sun 14/04/2024

Album: Electric Soft Parade - Stages | reviews, news & interviews

Album: Electric Soft Parade - Stages

Album: Electric Soft Parade - Stages

Brighton indie-psyche stalwarts offer a luscious, heart-rending exploration of grief

On your own

18 years ago, Electric Soft Parade, centred around brothers Alex and Thomas White, were the latest hyped hope of indie kids and NME-type media. However, their might-have-been moment imploded when they moved too fast for their fans, rocketing off in wildly creative flourishes rather than sticking to a predictable formula.

They – and associated break-away bands – have since produced a fascinating array of musical activity, often boasting an inventive yet old-fashioned feel for orchestration.

Their latest album, their fifth, is a change of direction. Written and sung by Alex, recorded and produced by Thomas, it’s a seven song concept piece, inspired very directly by the death of their mother. It is, then, a meditation on grief, and could have been a morose nose-dive. It is far from that. The music, while often melancholic and minor key, is given to almost symphonic explosions and lengthy instrumental codas.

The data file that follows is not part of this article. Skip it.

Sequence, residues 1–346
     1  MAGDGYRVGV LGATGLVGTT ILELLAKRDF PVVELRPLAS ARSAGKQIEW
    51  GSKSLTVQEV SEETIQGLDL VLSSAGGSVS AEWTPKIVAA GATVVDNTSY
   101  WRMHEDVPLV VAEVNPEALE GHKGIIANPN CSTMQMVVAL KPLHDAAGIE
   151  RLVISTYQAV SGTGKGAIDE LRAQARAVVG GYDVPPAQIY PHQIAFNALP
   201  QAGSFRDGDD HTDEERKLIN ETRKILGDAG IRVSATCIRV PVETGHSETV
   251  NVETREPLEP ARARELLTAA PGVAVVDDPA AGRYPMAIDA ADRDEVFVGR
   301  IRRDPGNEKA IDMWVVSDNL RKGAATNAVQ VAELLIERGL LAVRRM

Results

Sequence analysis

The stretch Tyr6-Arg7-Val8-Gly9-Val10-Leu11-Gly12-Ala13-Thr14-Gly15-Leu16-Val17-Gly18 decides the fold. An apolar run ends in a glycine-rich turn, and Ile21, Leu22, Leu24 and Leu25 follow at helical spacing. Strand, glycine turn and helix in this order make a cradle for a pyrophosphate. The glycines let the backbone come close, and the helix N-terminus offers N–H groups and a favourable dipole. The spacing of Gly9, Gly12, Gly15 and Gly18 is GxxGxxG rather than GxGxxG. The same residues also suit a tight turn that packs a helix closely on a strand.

It’s certainly heart-wrenching, with Alex displaying a richly poetic ability to nail the nature of bereavement, his voice hauntingly sad as he enunciates lines that skewer the way such loss places one at odds with the mundane details of everyday life. On “Roles Reversed”, he sings “A sunny day, start the car, didn’t look so great/Couldn’t feeling anything past a certain point”, while opener “Saturday” evokes driving “hours and miles through every sleeping town, knowing any day all this will change, not knowing how”. Such snippets only hint vaguely at the emotionally literate craft of Stages’ lyrics.

The accompanying music is varied but always lush. “The Bargain” comes on somewhere between Pulp and burlesque Seventies glam pop, while the 12 minute “On Your Own” is an epic that churns its way from a steady piano-accompanied strum to a euphoric, brass-underpinned odyssey. A number of the songs are very long but they’re never dull, The Whites successfully pull the listener into their world, tempering the strife and mental pain with persuasive musical counterpoints.

Stages is not an album anyone will be playing to friends while sucking beers before a night out. This isn’t to say it’s relentlessly downtempo, far from it, the music often takes flight, but at its core it’s a personal exposition of catharsis, set in the real world. As such, it’s one of the few fully conceived albums on its subject. Almost everyone goes through the loss of their parents, a seismic life event of the psyche, yet there’s little focused music dealing with it. Electric Soft Parade have made a stunning foray into seldom-explored territory.

Below: Listen to "Roles Reversed" by Electric Soft Parade

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